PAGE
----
Dodgers season ends with whimpers

Nancy Bea

So the veteran Dodgers with the most expensive payroll in the history of baseball could not beat the Mets and their young starters. Tonight's score in Game 5 was 3-2. The Dodgers led 2-1 in the 4th inning but let the Mets back in by poorly executing a defensive shift, the most trendy of plays this season. The coaches moved third baseman Justin Turner to the right side of the infield, which is logical when the batter is the Mets' Lucas Duda, but it only works if you also have a plan for the other dozen or so things that change when you shift fielders way out of position. In this case, nobody covered third base when Duda walked and forced the Mets runner on first, Daniel Murphy, to second. Seeing no Dodger covering third, he just kept going. First rule of baseball: the ball is live unless an umpire says it's dead.

The heads-up play put Murphy at third and able to score easily when the next Mets batter hit a routine outfield fly. The next time Murphy was up, he homered off Zack Greinke for the go-ahead run and it stood up. Murphy also went deep twice against Clayton Kershaw in the series.

For the second straight year, the Dodgers exit the playoffs in the first round after winning their division. (They also won the West in 2013 but got through one round.) They last won the National League pennant, and the World Series, in 1988.

A new Dodgers front office revamped the roster before this season — and continually through the season — but the end result is the Dodgers in 2015 won two fewer games. This season's Dodgers scored 51 fewer runs. The Jimmy Rollins experiment at shortstop didn't pay off. At 36, he had his career-worst batting average and OPS and was replaced at the end of the year by rookie Corey Seager, who looks good. New second baseman Howie Kendrick had a typical season for him, but the younger and cheaper second baseman they gave up, Dee Gordon, led the National League in batting average, singles and stolen bases and made the All-Star team. Gordon also was better defensively than Kendrick by some stats, and he emerged as a much better lead-off hitter than anyone the Dodgers tried.

The Dodgers also got Enrique Hernandez in the Gordon transaction and he was a bright spot, along with newcomer Yasmani Grandal, veterans Adrian Gonzalez and Justin Turner, and for the first half of the season, rookie center fielder Joc Pederson. He tailed off to become an overmatched number-eight hitter after going to the All-Star Game and it's hard to know what he's got going forward. Yasiel Puig had career lows in all important stats, including games played, as the 24-year-old struggled with hamstring pulls. He has to be an unknown quantity going forward: star or just average player? Or worse?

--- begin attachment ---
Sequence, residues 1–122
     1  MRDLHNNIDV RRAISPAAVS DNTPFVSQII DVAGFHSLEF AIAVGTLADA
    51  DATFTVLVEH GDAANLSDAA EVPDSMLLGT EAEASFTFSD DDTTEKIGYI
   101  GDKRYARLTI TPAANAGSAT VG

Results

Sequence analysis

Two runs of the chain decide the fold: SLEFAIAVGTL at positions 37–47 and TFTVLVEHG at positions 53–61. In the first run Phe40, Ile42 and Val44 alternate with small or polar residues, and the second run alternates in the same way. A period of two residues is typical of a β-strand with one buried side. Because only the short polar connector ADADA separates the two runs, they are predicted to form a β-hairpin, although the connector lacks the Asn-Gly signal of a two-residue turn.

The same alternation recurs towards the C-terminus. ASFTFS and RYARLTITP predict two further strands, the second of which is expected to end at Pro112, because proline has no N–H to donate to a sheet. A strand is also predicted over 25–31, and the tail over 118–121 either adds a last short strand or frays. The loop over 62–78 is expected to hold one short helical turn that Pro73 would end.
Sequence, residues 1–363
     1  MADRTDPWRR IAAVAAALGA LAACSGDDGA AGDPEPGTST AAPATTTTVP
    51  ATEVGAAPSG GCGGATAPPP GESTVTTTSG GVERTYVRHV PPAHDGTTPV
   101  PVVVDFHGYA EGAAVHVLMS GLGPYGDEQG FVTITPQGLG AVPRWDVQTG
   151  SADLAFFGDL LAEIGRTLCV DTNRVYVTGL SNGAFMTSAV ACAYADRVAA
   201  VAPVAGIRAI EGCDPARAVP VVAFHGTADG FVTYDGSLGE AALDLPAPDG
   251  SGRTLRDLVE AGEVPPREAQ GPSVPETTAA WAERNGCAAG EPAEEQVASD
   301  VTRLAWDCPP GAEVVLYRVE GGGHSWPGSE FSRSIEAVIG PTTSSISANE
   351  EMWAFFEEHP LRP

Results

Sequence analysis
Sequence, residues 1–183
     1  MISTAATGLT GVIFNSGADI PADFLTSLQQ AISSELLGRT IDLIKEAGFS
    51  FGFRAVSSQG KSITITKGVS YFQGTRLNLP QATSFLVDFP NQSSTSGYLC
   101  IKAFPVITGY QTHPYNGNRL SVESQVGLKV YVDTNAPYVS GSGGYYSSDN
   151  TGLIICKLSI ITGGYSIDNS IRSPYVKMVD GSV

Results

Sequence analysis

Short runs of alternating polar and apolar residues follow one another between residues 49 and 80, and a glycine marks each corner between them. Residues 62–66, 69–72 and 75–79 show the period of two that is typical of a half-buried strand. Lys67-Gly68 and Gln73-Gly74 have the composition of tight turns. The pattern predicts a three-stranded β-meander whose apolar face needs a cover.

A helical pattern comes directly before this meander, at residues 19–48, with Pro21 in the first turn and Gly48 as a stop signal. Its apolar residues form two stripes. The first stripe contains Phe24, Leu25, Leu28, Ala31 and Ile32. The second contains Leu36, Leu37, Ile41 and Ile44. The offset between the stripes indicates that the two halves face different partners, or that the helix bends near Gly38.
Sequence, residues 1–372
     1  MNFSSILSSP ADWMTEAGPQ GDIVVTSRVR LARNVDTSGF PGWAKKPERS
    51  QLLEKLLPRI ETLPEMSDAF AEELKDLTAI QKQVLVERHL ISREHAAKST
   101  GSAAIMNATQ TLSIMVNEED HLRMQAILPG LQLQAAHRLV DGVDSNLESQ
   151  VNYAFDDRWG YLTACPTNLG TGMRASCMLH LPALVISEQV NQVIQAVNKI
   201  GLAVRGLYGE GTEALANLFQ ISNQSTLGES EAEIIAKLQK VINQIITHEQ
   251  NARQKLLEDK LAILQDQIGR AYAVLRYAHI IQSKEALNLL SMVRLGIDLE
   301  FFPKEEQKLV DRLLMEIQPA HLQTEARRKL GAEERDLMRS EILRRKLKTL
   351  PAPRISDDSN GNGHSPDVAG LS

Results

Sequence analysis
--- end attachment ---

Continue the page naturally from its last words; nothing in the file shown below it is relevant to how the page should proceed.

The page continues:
The best Dodgers all year were starting pitchers Clayton Kershaw and Zack Greinke, and Greinke has the right to opt out of his contract and become the top free agent pitcher on the market. Even if the Dodgers re-sign Greinke, they look to need a couple more starting pitchers to become pennant contenders, and several relievers. The two starters they traded for late in the season, Mat Latos and Alex Wood, were busts. The Dodgers used 31 different pitchers and never did find a championship-caliber staff.

The one departure for sure is Dodger Stadium organist Nancy Bea, who announced she is retiring after 28 seasons. The big immediate question for the front office is whether to keep manager Don Mattingly and his coaches. This Dodger group doesn't show many signs of being a championship team under Mattingly, and he is said to have a job waiting in Miami if he wants it. This front office didn't hire him so it will be interesting to see if they have bonded with him. In tonight's game, there was open shouting and gesturing in the dugout between Mattingly and outfielder Andre Ethier, who proved his worth during the year.

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